Earlier this year the Missouri legislature passed a bill that would give women more time before making the irreversible and tragic choice to end the life of their unborn child. The legislation, HB 1307, would extend the current 24-hour waiting period before an abortion to 72 hours. However, after the legislation passed both chambers, Missouri’s pro-abortion governor, Jay Nixon, vetoed the bill.

Nixon told the Washington Times that “Lengthening the already extensive waiting period serves no demonstrable purpose other than to create emotional and financial hardships for women who have undoubtedly already spent considerable time wrestling with perhaps the most difficult decision they may ever have to make.”

Although the governor believes that waiting periods are unnecessary, the bill’s sponsor, Rep. Kevin Elmer, said, “It’s kind of an emotional period and this is just kind of an opportunity to let the mother and those that she may consult in her family and extended friends to have more time to consider the severity of the decision that she’s about to embark upon where she terminates the life of that child.”

House Bill 1307 will require women to wait 72 hours after consulting an abortion practitioner before having an abortion, triple the current wait time of 24 hours and putting in place one of the longest waiting periods in the country.

The House overrode Gov. Jay Nixon’s veto about 9:20 p.m. Wednesday by a vote of 117-44; the bill went straight to the Senate where the debate continued for about two hours. Around 11:30 p.m., Republicans invoked a PQ, or moving the previous question, which allows a simple majority of senators to end a filibuster. The PQ passed, and then senators overrode the veto by the slimmest of margins, 23-7. An override of the veto required a two-thirds majority vote in both chambers.

Pam Fichter, President of Missouri Right to Life, told LifeNews she was delighted by the vote.

“Late in the evening on September 10, the Missouri legislature gave final approval to override Governor Nixon’s veto of two very important pro-life bills and one line item veto of a budget increase for Missouri’s Alternatives to Abortion Program. To shut down the filibuster by pro-abortion senators the senate used the rare procedural maneuver of calling for the previous question,” Fichter said. “HB 1307 increases the time of reflection after counseling before an abortion can be performed from 24 hours to 72 hours. This reflection time gives a women time to contemplate her situation, research information about the dangers and consequences of abortion and review the help and resources that are available to her through the alternatives to abortion program and other sources.”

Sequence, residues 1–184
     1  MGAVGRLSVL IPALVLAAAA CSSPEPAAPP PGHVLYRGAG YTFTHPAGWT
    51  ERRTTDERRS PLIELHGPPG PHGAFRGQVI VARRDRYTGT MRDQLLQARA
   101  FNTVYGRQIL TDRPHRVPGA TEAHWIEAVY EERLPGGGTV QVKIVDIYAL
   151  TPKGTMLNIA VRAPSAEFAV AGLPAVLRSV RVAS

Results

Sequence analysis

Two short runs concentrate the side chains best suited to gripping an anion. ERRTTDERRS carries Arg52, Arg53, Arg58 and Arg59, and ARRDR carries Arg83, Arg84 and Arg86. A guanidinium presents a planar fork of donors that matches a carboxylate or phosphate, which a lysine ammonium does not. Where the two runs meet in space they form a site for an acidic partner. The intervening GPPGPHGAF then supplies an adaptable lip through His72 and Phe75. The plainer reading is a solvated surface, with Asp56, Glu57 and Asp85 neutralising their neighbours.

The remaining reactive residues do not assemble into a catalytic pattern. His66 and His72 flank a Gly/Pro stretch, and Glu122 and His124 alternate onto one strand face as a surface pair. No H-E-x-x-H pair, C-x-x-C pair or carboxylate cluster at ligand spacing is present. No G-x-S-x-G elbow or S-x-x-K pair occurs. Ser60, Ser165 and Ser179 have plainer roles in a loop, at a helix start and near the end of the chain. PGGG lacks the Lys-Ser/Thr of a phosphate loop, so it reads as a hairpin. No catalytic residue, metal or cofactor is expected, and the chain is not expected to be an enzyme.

Fichter continued: “HB 1132 increases the maximum funding available for pregnancy resource centers through tax credits. As abortions continue to decrease, see chart here, more and more women are choosing life and are in need of help and services. This increase in available funds for tax credits will help provide those services.”

“These bills work together to protect the women of Missouri and ensure that in this matter of life and death, they don’t make a decision that will have a detrimental effect on them both physically and emotionally. Pro-lifers across Missouri are so thankful and pleased that these bills are going into effect,” Fichter added. “We thank the sponsors of these bills. We thank all the legislators who voted for these bills and these overrides. We are especially grateful to the Speaker of the House, Tim Jones and President Pro Tem of the Senate, Tom Dempsey. ”